SCENE II. A room in Caesar's palace.
[Thunder and lightning. Enter Caesar, in his nightgown.]
Nor heaven nor earth have been at peace tonight:
Thrice hath Calpurnia in her sleep cried out,
"Help, ho! They murder Caesar!" — Who's within?
[Enter a Servant.]
Go bid the priests do present sacrifice,
And bring me their opinions of success.
I will, my lord.
What mean you, Caesar? Think you to walk forth?
You shall not stir out of your house to-day.
Caesar shall forth: the things that threaten me
Ne'er look but on my back; when they shall see
The face of Caesar, they are vanished.
Caesar, I never stood on ceremonies,
Yet now they fright me. There is one within,
Besides the things that we have heard and seen,
Recounts most horrid sights seen by the watch.
A lioness hath whelped in the streets;
And graves have yawn'd, and yielded up their dead;
Fierce fiery warriors fight upon the clouds,
In ranks and squadrons and right form of war,
Which drizzled blood upon the Capitol;
The noise of battle hurtled in the air,
Horses did neigh, and dying men did groan;
And ghosts did shriek and squeal about the streets.
O Caesar,these things are beyond all use,
And I do fear them!
What can be avoided
Whose end is purposed by the mighty gods?
Yet Caesar shall go forth; for these predictions
Are to the world in general as to Caesar.
When beggars die, there are no comets seen;
The heavens themselves blaze forth the death of princes.
Cowards die many times before their deaths;
The valiant never taste of death but once.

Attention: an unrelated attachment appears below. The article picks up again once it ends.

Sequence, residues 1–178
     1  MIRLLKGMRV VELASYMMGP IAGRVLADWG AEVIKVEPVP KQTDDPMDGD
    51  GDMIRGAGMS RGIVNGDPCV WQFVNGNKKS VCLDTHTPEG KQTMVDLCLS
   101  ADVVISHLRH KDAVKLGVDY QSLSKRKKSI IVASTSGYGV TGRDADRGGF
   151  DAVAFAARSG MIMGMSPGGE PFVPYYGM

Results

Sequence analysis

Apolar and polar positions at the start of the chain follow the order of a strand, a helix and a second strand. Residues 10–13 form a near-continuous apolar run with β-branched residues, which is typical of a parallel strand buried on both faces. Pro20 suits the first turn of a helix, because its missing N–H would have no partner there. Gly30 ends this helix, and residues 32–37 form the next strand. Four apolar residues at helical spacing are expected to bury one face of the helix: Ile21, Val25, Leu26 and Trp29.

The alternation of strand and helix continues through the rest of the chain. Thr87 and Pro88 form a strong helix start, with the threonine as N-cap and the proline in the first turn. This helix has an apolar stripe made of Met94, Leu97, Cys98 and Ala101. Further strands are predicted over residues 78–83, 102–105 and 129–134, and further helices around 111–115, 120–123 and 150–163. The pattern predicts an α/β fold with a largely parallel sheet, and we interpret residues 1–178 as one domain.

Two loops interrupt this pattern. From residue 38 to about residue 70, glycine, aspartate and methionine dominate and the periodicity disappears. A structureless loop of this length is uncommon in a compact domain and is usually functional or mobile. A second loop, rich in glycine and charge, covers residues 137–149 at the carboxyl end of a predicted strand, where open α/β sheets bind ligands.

Of all the wonders that I yet have heard,
It seems to me most strange that men should fear;
Seeing that death, a necessary end,
Will come when it will come. —
What say the augurers?
They would not have you to stir forth to-day.
Plucking the entrails of an offering forth,
They could not find a heart within the beast.
The gods do this in shame of cowardice:
Caesar should be a beast without a heart,
If he should stay at home today for fear.
No, Caesar shall not: danger knows full well
That Caesar is more dangerous than he:
We are two lions litter'd in one day,
And I the elder and more terrible;
And Caesar shall go forth.
Alas, my lord,
Your wisdom is consumed in confidence!
Do not go forth to-day: call it my fear
That keeps you in the house, and not your own.
We'll send Mark Antony to the Senate-house,
And he shall say you are not well to-day:
Let me, upon my knee, prevail in this.
Mark Antony shall say I am not well,
And, for thy humor, I will stay at home.
Here's Decius Brutus, he shall tell them so.
Caesar, all hail! Good morrow, worthy Caesar:
I come to fetch you to the Senate-house.
And you are come in very happy time
To bear my greeting to the Senators,
And tell them that I will not come to-day.
Cannot, is false; and that I dare not, falser:
I will not come to-day. Tell them so, Decius.
Say he is sick.
Shall Caesar send a lie?
Have I in conquest stretch'd mine arm so far,
To be afeard to tell grey-beards the truth? —
Decius, go tell them Caesar will not come.
Most mighty Caesar, let me know some cause,
Lest I be laugh'd at when I tell them so.
The cause is in my will; I will not come:
That is enough to satisfy the Senate.
But, for your private satisfaction,
Because I love you, I will let you know:
Calpurnia here, my wife, stays me at home:
She dreamt to-night she saw my statua,
Which, like a fountain with an hundred spouts,
Did run pure blood; and many lusty Romans
Came smiling and did bathe their hands in it:
And these does she apply for warnings and portents
And evils imminent; and on her knee
Hath begg'd that I will stay at home to-day.